On three consecutive evenings last week, the International Space Station (ISS) passed over my hometown of Buffalo, New York shortly after sundown. The sky was clear each night and the weather was unusually pleasant for mid-November in Western New York!
My objective was to shoot still photos and a short video of the ISS going overhead.
On Thursday, November 11, 2010, I set up my Canon EOS REBEL T2i on a tripod. Turning off the auto focus and image stabilization, I focused manually to infinity. Once the ISS appeared I was able to easily capture several shots using different settings. Here is one shot at ISO 640, f/5.6, with the shutter open for 8.0 seconds.
The next evening, I tried to shoot video of the ISS using a Canon VIXIA HF200 HD video camera. Unfortunately, my handheld technique produced a lousy result. Against a black sky, the ISS did not look like it was moving the way it appears to the naked eye. It was just wobbling around inside the frame because of my difficulty holding it steady. I needed a tripod for sure.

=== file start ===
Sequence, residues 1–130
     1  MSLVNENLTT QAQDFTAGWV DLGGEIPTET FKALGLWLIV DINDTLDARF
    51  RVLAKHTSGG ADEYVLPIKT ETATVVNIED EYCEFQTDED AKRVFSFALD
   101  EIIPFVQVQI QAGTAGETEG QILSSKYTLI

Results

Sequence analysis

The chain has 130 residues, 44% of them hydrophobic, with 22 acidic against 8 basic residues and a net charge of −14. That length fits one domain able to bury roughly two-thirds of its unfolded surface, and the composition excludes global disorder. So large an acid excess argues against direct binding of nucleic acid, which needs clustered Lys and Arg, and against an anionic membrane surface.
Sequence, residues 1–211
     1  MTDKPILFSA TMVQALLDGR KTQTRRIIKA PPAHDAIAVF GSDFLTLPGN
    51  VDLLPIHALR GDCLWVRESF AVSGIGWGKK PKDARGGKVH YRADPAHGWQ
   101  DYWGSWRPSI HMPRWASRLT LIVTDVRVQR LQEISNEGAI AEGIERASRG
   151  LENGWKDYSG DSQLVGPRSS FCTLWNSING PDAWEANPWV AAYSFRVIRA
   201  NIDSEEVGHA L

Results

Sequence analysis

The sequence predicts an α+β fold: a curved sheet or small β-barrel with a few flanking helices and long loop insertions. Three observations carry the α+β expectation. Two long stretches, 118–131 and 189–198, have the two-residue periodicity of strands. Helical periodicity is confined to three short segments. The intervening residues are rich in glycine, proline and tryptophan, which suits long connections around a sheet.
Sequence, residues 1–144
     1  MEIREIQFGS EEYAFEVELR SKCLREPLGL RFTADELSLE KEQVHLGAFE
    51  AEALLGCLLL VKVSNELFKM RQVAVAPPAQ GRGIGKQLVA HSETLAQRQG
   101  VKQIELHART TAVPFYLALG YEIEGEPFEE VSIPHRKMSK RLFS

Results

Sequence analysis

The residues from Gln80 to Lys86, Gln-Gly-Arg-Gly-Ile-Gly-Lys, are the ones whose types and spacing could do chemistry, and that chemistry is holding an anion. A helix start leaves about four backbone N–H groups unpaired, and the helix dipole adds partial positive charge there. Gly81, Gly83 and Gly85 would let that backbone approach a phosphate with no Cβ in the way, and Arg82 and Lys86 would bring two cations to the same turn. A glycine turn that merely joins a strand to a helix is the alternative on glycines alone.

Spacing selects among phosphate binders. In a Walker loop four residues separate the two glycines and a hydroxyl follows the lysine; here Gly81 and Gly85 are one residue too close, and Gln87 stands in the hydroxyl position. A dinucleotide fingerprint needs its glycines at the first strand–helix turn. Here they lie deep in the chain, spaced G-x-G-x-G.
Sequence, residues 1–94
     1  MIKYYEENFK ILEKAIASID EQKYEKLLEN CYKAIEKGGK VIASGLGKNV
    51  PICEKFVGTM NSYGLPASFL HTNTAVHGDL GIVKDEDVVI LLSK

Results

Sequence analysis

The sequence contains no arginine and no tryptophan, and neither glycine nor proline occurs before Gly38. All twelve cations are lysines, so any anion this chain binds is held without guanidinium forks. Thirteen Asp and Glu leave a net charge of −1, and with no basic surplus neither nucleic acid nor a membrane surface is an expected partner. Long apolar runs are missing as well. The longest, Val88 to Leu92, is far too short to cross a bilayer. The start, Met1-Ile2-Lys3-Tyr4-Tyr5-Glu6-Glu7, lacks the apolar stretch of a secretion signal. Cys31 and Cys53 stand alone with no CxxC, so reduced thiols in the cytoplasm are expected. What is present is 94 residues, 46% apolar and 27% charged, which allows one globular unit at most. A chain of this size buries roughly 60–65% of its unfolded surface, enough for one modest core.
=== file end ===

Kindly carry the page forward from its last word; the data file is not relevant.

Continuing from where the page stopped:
On Saturday evening, the ISS was scheduled to pass overhead at 5:27 p.m. The sky was just getting dark as I set my Canon video camera on a tripod and pointed it towards the northwest. Right on schedule (as always), the ISS appeared. It took me a few seconds to start tracking its movement within the camera’s viewfinder. My plan was to move the camera into a fixed position so the ISS would pass across the camera’s field of view. It took roughly 20 seconds at the zoom level I was using.
Additional Info: Tracking the International Space Station with an iPhone